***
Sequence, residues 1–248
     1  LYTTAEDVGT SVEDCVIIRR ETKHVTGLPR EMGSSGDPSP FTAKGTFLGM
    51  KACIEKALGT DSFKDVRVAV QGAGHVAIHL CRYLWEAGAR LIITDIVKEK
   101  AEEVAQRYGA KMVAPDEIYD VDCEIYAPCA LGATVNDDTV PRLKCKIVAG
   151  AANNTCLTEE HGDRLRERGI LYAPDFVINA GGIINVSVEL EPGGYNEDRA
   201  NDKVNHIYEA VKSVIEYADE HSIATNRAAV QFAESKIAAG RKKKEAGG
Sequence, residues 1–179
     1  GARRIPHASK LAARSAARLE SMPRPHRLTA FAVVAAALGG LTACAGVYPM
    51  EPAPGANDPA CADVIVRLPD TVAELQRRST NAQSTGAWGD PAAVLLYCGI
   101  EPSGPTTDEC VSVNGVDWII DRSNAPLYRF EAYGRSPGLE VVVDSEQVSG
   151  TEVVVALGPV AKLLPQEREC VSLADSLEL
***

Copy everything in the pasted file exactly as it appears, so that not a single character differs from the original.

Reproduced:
Sequence, residues 1–248
     1  LYTTAEDVGT SVEDCVIIRR ETKHVTGLPR EMGSSGDPSP FTAKGTFLGM
    51  KACIEKALGT DSFKDVRVAV QGAGHVAIHL CRYLWEAGAR LIITDIVKEK
   101  AEEVAQRYGA KMVAPDEIYD VDCEIYAPCA LGATVNDDTV PRLKCKIVAG
   151  AANNTCLTEE HGDRLRERGI LYAPDFVINA GGIINVSVEL EPGGYNEDRA
   201  NDKVNHIYEA VKSVIEYADE HSIATNRAAV QFAESKIAAG RKKKEAGG
Sequence, residues 1–179
     1  GARRIPHASK LAARSAARLE SMPRPHRLTA FAVVAAALGG LTACAGVYPM
    51  EPAPGANDPA CADVIVRLPD TVAELQRRST NAQSTGAWGD PAAVLLYCGI
   101  EPSGPTTDEC VSVNGVDWII DRSNAPLYRF EAYGRSPGLE VVVDSEQVSG
   151  TEVVVALGPV AKLLPQEREC VSLADSLEL